Idaho Police Force Loses Millions Worth Of Gear And Vehicles In Fire

COEUR D'ALENE, Idaho (AP) — Police in northern Idaho lost millions of dollars worth of law enforcement equipment and vehicles in a fire that tore through a department building over the weekend, Coeur d’Alene police said.

No one was injured in the fire that broke out early Sunday, but everything inside the large building was lost, Sgt. Jared Reneau said on Tuesday. The building held the department's animal control, code enforcement and information technology divisions, but it was primarily used for storing vehicles and equipment.

A SWAT BearCat armored unit, multiple motorcycles, an incident command trailer and dozens of laptops were destroyed in the fire, Reneau said, along with a new police cruiser and several vehicles that were parked outside. Multiple e-bikes, newly purchased for the police department's summer patrols, were also lost, he said.

“We were fortunate that the building didn’t have any explosives or ammunition,” Reneau said.

The department still has enough patrol vehicles for normal operations, and Reneau said the damage would not affect public safety.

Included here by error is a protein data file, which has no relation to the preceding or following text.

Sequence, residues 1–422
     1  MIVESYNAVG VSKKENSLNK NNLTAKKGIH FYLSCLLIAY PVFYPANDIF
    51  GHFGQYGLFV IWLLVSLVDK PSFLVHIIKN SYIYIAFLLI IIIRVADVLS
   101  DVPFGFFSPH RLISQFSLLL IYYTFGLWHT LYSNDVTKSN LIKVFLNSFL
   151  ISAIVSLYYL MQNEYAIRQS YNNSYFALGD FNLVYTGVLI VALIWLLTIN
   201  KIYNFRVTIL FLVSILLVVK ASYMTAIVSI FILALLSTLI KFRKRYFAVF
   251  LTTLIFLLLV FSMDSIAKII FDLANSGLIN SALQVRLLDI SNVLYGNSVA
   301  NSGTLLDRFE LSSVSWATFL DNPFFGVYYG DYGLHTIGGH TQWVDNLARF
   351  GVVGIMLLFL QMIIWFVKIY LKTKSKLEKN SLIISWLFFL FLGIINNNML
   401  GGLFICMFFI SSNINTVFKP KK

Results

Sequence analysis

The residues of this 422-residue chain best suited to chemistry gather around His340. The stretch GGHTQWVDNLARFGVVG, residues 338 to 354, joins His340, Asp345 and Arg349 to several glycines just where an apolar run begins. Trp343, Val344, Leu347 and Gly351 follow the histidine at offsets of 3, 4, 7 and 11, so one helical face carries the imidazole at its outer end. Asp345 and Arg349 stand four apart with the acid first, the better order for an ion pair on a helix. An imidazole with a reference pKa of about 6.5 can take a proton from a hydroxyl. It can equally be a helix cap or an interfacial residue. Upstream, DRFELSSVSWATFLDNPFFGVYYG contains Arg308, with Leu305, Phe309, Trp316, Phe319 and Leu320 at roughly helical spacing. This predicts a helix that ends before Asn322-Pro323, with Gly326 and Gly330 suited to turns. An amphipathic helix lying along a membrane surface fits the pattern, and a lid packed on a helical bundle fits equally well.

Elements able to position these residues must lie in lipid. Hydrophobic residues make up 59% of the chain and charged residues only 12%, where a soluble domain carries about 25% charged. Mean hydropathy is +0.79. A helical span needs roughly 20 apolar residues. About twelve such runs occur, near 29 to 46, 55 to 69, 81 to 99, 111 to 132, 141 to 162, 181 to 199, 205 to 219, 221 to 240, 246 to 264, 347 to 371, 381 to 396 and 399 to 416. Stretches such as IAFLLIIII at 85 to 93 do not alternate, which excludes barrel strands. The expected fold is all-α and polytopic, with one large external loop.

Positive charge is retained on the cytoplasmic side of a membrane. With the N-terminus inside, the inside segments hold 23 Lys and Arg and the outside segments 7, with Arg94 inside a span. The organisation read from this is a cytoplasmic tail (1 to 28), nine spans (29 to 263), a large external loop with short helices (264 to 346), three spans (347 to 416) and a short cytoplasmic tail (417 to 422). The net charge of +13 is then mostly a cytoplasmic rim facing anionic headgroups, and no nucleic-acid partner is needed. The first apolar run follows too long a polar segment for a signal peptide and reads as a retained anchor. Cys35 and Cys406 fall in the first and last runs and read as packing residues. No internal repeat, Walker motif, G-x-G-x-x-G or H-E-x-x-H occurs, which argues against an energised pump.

“The largest impact is going to be to the officers that are working. A lot of the equipment helped us be a little more efficient,” like the mobile command trailer, which provided officers a place to cool off from the hot sun during large outdoor events, he said.

The cause of the fire is still under investigation, but Reneau said officials have no reason to suspect arson or other foul play was involved.

Officials are still trying to make a list of everything that was lost, and it's too soon to determine the exact cost of the damage or whether it will be covered by insurance, he said.

“But it will all take a significant amount of time to replace," Reneau said. “A lot of the equipment, even if we were able to write a check for it today, there's a limited number of manufacturers and a lot of agencies in line.”

Specialized vehicles like the armored tactical unit typically aren't available until around two years after they are ordered, he said.

“At the end of the day, our highest priority is the citizens,” Reneau said, and other law enforcement agencies have reached out with offers to help. ”We want to make sure that everybody understands that we're still going to work and provide for the public safety. We're going to ensure that continues to happen."